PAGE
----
Since writing my first real critical piece on a Microsoft product, about Windows 8 Consumer Preview "Frankenstein," in my three years with InfoWorld, I've received a slew of feedback and criticism. Many readers have asked if my remarks on Windows 8 were a prediction on the future of Microsoft. I'm not saying Microsoft is headed for a disaster of biblical proportions, with human sacrifice, dogs and cats living together, and mass hysteria. No, it's my honest feedback to both Microsoft and readers.
First off, let me officially say I haven't turned my back on Microsoft. I love Microsoft and continue to be a loyalist. But I'm also a journalist, and it's my responsibility to present to my readers what I see as truth. In this case, I classify myself as a voice of reason.
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To me, Windows 8 has the "Star Wars" problem. The original three movies were awesome. The galaxy far, far away took on a life of its own, and its fans were committed. Then years later, George Lucas came out with episode 1, featuring tons of special effects, as well as Jar Jar Binks, midi-chlorian organisms, and an Anakin with no father (implying by his mother an immaculate conception) -- I can go on. The community erupted with anger. If only someone had told Lucas ahead of time that these things were a mistake! Maybe they did. Maybe he just didn't listen.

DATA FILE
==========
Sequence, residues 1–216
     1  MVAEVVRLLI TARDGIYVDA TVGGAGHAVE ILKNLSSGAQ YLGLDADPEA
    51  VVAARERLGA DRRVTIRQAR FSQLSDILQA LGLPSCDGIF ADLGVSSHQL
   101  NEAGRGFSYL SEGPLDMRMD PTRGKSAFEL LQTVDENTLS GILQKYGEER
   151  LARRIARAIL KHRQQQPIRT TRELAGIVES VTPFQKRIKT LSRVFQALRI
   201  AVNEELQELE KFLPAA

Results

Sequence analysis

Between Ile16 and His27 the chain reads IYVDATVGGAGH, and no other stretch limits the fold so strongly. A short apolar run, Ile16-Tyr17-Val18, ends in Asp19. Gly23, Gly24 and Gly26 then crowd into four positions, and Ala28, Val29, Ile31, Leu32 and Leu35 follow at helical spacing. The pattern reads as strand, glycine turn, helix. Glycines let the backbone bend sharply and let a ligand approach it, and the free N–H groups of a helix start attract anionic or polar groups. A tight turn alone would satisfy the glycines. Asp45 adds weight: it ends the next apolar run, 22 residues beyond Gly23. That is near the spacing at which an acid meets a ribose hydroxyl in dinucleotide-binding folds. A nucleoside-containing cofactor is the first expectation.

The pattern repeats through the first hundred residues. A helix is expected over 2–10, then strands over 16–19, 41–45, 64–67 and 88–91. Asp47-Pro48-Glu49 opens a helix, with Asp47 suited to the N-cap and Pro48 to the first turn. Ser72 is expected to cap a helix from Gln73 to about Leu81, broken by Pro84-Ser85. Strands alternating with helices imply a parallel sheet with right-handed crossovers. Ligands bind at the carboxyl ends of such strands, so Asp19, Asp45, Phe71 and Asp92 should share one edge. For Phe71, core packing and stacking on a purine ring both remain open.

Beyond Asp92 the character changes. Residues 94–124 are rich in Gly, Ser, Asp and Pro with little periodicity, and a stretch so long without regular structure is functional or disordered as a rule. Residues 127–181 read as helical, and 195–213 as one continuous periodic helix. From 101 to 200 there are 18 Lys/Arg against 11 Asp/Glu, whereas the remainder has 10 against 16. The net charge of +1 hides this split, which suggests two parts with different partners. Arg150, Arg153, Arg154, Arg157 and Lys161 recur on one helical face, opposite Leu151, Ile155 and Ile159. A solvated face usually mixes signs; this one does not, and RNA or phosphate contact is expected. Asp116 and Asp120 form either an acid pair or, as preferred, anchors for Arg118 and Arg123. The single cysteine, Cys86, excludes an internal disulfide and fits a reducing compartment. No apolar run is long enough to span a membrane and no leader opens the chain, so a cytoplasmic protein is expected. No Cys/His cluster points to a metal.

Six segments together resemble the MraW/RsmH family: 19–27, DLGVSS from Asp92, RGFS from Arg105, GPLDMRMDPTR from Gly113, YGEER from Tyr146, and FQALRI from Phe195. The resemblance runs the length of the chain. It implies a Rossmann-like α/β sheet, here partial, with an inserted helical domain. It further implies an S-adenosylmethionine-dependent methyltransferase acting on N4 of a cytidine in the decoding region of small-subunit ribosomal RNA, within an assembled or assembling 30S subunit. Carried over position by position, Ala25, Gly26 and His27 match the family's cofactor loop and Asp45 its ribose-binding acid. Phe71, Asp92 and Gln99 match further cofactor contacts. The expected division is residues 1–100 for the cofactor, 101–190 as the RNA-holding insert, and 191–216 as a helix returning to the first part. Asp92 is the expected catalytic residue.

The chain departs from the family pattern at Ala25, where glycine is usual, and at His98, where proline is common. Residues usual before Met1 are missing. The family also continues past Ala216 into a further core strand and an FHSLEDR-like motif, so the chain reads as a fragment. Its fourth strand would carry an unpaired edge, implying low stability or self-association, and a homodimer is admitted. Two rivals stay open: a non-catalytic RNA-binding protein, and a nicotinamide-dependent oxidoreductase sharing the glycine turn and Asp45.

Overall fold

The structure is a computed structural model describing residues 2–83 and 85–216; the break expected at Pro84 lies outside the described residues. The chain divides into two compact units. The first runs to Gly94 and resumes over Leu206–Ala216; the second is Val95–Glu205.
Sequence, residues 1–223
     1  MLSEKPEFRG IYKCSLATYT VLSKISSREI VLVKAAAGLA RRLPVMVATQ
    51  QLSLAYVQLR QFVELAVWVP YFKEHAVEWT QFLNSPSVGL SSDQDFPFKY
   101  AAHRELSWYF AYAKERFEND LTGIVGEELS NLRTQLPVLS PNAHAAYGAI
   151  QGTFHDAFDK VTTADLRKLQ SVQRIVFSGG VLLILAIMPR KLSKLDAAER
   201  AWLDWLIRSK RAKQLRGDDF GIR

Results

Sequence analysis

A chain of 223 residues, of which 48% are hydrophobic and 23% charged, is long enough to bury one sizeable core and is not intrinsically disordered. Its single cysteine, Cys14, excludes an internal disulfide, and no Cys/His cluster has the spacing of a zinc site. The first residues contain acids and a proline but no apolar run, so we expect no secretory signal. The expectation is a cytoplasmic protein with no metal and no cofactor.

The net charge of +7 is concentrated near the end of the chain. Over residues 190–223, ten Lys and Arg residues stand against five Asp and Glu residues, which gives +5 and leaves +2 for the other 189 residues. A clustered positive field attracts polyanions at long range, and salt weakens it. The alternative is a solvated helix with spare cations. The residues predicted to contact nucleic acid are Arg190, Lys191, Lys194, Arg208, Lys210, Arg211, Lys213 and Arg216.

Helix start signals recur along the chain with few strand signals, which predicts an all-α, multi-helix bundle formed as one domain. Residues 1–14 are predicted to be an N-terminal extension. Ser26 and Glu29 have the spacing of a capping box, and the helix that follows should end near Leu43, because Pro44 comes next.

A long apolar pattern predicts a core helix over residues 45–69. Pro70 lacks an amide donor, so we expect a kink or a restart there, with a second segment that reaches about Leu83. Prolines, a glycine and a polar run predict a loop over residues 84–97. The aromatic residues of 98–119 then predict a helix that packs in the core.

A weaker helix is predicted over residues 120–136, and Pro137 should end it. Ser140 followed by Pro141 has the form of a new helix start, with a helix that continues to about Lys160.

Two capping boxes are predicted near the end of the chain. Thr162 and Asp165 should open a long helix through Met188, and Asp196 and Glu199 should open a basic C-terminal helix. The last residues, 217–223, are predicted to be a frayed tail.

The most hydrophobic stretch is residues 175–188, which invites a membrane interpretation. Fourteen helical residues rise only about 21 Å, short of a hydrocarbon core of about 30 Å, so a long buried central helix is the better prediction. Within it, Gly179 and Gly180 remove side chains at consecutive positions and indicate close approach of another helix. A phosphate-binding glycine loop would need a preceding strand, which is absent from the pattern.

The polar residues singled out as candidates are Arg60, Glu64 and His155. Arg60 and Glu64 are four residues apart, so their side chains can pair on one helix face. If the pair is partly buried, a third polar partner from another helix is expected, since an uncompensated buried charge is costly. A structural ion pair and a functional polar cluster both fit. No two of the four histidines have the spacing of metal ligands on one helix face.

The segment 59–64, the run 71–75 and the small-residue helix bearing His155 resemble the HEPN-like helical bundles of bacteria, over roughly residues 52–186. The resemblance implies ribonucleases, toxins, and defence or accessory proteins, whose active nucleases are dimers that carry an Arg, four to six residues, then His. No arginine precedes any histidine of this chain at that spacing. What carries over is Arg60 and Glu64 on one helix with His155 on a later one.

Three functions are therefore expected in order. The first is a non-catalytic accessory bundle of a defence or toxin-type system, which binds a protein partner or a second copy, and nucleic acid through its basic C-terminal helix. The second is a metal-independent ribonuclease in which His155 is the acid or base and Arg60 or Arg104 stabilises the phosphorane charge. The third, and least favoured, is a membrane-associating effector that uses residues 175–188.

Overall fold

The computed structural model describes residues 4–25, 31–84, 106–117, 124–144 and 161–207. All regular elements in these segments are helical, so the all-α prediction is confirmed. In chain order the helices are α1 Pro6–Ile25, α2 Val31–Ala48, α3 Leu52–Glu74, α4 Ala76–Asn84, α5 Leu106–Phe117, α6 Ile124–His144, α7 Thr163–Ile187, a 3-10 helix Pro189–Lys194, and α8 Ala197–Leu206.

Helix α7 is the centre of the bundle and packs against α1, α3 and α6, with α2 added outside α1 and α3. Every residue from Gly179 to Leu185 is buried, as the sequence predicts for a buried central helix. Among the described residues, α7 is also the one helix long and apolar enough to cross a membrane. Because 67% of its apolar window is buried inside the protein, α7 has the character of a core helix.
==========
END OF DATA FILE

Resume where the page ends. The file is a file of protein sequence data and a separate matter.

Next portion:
That's the role I find myself in now. How many flatterers surrounding Microsoft CEO Steve Ballmer and Windows president Steve Sinofsky are saying, "Metro looks great on my desktop! Ignore the naysayers!"
These people are not true friends. A true friend stops you before you go out the door with your fly down and tells you to zip up. A true friend says, "Hey, those pants are too tight." I am a true friend to Microsoft. I'm willing to say, before the final release of Windows 8, that this is a mistake, and here are some ways to improve the product.
We need a tablet OS. Windows 8 is just that. It's also a solid upgrade to Windows Phone 7. But in much the same way my wife (who owns an iPad) wouldn't want the iPad's iOS on her desktop, I don't want my tablet OS on my desktop. And though touchscreens are all the rage in some environments (such as conferences, hotels, and hospitals), I don't want them in my office. I like using a mouse, and I prefer horizontal scrolling to vertical scrolling. Yes, I know it means two different OSes, but if Apple can pull that off, so can Microsoft.